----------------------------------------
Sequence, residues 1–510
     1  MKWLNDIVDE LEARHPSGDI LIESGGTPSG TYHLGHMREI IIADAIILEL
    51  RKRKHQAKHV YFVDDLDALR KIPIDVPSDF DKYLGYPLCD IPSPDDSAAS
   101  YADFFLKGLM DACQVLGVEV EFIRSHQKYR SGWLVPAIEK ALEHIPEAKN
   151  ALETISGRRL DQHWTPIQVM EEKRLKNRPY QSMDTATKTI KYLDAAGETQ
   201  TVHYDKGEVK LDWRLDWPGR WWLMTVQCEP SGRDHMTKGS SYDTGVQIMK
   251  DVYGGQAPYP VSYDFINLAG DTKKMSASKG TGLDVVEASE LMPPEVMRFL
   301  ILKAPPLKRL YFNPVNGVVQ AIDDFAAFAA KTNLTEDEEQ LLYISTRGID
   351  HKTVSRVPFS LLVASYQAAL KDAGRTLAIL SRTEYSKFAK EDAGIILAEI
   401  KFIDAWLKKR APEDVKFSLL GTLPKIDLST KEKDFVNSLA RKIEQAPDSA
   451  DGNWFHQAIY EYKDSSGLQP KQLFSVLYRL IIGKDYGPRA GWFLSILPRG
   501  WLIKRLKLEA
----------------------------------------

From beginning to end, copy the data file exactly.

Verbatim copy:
Sequence, residues 1–510
     1  MKWLNDIVDE LEARHPSGDI LIESGGTPSG TYHLGHMREI IIADAIILEL
    51  RKRKHQAKHV YFVDDLDALR KIPIDVPSDF DKYLGYPLCD IPSPDDSAAS
   101  YADFFLKGLM DACQVLGVEV EFIRSHQKYR SGWLVPAIEK ALEHIPEAKN
   151  ALETISGRRL DQHWTPIQVM EEKRLKNRPY QSMDTATKTI KYLDAAGETQ
   201  TVHYDKGEVK LDWRLDWPGR WWLMTVQCEP SGRDHMTKGS SYDTGVQIMK
   251  DVYGGQAPYP VSYDFINLAG DTKKMSASKG TGLDVVEASE LMPPEVMRFL
   301  ILKAPPLKRL YFNPVNGVVQ AIDDFAAFAA KTNLTEDEEQ LLYISTRGID
   351  HKTVSRVPFS LLVASYQAAL KDAGRTLAIL SRTEYSKFAK EDAGIILAEI
   401  KFIDAWLKKR APEDVKFSLL GTLPKIDLST KEKDFVNSLA RKIEQAPDSA
   451  DGNWFHQAIY EYKDSSGLQP KQLFSVLYRL IIGKDYGPRA GWFLSILPRG
   501  WLIKRLKLEA